Echo names 2019's Leaders of the Year award recipient: Equality Arizona

By Michelle Talsma Everson, January 2020 issue.

 “I love our LGBTQ community, and we should have access to everything that everyone else does,” says Michael Soto, the executive director of Equality Arizona (EQAZ). “We [the LGBTQ community] deserve the same promise of life, liberty, and freedom. It’s an honor and privilege to do what I do every day.”

What Soto does

day in and day out is lead Equality Arizona, Echo’s 2019 Leader of the

Year. Yes, an organization was chosen for this honor because, as an

organization, Equality Arizona is moving the local and statewide LGBTQ

community into the future, one initiative at a time.

Soto explains

that EQAZ actually includes two nonprofit branches. The first, Equality

Arizona, has a mission to “build a strong and resilient LGBTQ social movement

and culture in Arizona by increasing access to safety, well-being, and

inclusion in society,” according to the organization. The second branch,

Equality Arizona Action, aims to “build the political power of the Arizona

LGBTQ community for our full inclusion in the social, economic, and civil

mechanisms of our society.” Both of these missions merge to fulfill their

vision of “An Arizona where LGBTQ people are included in and lead the social,

economic, and civic systems of our state, counties, cities, and communities.”

“Equality

Arizona has been around since 1992 and has always worked for policy and

political inclusion of the LGBTQ community,” Soto says.

Toasting the repeal of the No Promo Homo law.

Soto was first

involved in Equality Arizona, and activism in general, as a student at Arizona

State University in the early 2000’s. He was on the EQAZ board for three years

before taking the helm as executive director a year and a half ago. He explains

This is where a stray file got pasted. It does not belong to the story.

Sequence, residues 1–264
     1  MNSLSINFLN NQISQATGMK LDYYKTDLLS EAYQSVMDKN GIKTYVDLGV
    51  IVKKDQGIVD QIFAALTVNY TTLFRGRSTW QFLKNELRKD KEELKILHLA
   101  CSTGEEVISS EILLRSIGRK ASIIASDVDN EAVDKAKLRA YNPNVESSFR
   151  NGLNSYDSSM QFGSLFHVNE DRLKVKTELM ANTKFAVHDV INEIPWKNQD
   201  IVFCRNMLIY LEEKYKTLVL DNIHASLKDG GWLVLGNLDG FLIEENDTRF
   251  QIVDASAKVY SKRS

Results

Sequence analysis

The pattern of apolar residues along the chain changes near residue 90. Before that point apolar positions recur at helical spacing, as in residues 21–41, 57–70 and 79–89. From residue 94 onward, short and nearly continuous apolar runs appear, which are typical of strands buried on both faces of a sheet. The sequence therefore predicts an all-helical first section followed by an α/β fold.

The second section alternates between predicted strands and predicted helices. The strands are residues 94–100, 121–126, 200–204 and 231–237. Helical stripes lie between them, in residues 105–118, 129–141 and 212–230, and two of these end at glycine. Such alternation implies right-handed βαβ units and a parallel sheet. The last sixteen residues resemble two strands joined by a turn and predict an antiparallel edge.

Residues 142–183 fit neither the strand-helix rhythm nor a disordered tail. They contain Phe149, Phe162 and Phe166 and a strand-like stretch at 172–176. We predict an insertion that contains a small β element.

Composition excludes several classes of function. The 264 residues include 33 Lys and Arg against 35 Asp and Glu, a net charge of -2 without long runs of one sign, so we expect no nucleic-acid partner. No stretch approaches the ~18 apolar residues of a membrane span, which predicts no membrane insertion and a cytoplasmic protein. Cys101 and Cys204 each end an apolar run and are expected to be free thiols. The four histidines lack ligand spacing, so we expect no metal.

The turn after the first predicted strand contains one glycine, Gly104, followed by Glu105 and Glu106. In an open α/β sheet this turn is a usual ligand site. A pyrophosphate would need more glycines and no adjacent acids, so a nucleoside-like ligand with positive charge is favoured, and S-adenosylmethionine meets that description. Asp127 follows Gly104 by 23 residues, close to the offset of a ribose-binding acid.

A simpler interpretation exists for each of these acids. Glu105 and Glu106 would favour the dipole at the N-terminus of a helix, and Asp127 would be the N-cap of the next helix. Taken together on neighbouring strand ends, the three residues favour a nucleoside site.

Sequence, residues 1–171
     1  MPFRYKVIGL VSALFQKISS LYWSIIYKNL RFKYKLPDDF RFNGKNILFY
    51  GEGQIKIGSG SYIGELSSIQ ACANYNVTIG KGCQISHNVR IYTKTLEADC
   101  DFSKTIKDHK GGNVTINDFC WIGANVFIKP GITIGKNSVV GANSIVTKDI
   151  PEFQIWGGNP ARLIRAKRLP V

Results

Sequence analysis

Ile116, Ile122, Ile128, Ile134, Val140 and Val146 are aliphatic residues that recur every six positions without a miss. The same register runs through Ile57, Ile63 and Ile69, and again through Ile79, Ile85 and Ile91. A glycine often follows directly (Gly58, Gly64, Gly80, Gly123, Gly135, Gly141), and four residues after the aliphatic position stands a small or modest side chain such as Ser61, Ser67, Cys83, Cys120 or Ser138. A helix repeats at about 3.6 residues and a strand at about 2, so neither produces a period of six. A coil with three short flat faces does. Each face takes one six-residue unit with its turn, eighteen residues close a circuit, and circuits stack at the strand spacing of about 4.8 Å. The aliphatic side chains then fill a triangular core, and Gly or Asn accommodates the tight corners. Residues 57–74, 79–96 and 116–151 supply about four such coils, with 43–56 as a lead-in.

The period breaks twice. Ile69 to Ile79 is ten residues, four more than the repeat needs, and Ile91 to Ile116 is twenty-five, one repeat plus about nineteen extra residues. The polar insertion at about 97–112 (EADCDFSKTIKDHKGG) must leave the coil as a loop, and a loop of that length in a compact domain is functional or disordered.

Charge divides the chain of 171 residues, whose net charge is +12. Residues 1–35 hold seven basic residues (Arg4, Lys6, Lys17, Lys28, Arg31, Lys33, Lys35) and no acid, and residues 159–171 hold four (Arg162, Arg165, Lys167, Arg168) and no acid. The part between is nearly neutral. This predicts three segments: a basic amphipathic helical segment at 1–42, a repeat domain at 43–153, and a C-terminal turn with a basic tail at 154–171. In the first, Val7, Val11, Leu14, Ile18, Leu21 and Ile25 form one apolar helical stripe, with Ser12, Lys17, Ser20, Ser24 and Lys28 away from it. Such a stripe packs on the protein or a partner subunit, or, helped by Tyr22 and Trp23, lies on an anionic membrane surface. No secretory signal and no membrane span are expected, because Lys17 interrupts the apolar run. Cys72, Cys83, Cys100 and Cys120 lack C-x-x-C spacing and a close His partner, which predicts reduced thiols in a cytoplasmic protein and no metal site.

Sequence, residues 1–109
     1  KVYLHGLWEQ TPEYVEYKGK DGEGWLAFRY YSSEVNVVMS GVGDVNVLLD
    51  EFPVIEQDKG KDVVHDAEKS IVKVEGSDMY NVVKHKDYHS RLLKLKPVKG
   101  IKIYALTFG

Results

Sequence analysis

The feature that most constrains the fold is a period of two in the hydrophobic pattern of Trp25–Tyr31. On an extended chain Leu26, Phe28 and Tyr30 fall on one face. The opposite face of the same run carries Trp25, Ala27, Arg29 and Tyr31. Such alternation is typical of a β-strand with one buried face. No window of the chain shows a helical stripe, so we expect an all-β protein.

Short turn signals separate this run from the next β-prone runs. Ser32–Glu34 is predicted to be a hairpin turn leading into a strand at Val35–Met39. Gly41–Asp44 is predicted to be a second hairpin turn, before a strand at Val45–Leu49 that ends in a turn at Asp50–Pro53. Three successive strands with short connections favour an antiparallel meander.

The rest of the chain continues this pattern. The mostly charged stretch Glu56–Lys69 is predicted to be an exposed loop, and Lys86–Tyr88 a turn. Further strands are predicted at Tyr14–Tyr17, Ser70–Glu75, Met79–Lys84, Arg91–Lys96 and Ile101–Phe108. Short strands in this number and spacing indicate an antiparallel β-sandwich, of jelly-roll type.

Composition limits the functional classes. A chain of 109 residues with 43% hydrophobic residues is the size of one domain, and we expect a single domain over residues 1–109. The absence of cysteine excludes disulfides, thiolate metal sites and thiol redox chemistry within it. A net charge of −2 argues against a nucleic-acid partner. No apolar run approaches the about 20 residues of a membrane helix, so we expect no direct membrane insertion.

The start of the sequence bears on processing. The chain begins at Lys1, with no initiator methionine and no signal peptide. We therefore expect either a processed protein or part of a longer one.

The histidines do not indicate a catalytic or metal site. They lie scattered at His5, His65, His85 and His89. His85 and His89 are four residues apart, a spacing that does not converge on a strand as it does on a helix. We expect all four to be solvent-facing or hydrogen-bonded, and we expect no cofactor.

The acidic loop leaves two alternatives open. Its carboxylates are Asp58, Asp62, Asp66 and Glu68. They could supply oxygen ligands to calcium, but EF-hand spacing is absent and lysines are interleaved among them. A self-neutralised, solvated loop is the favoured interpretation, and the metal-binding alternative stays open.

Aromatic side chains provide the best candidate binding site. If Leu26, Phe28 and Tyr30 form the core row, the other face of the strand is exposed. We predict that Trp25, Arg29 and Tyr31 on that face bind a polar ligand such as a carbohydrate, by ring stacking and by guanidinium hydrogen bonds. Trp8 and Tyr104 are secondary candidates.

that, this year, EQAZ has many initiatives in place that are worth paying

attention to and getting involved with.

“The 2020

election, both national and local, is our top priority this year,” Soto shares.

“It’s vital that the LGBTQ community is part of the process. Our goal is to

show the community how powerful and influential we are if we all get out and

vote.”

EQAZ is working tirelessly to interview candidates across party lines in both local and national elections to vote on who to endorse. Their criteria includes how supportive the candidates are of LGBTQ causes and initiatives, and new this year is that EQAZ members (and not just the board) will vote on the candidates that the organization will officially endorse.

In addition to endorsing

LGBTQ-friendly candidates, another top priority for EQAZ is voter registration.

“We’re working on getting our voter registration into high gear,” Soto says.

“We also ask that voters pledge to vote for LGBTQ supportive candidates.”

Those interested

in becoming EQAZ members can easily sign up on the organization’s website at

equalityarizona.org/membership. “Members are obviously mostly members of the

LGBTQ community but they are also friends, family, and allies,” Soto says.

“Members can be anyone that wants to help build a safer and healthier community

for LGBTQ Arizonans.”

Some other

initiatives that EQAZ has on their full plate, according to Soto, include:

Soto prepping for Lobby Day 2019.

Passing

comprehensive nondiscrimination policies on a local level, including working

with the Arizona legislature.

Banning gay

conversion therapy on a local and national level.

Passing inclusive sex education in local school

districts. The organization is currently working on a model with Tucson school

districts that provides policies and resources for educators and parents.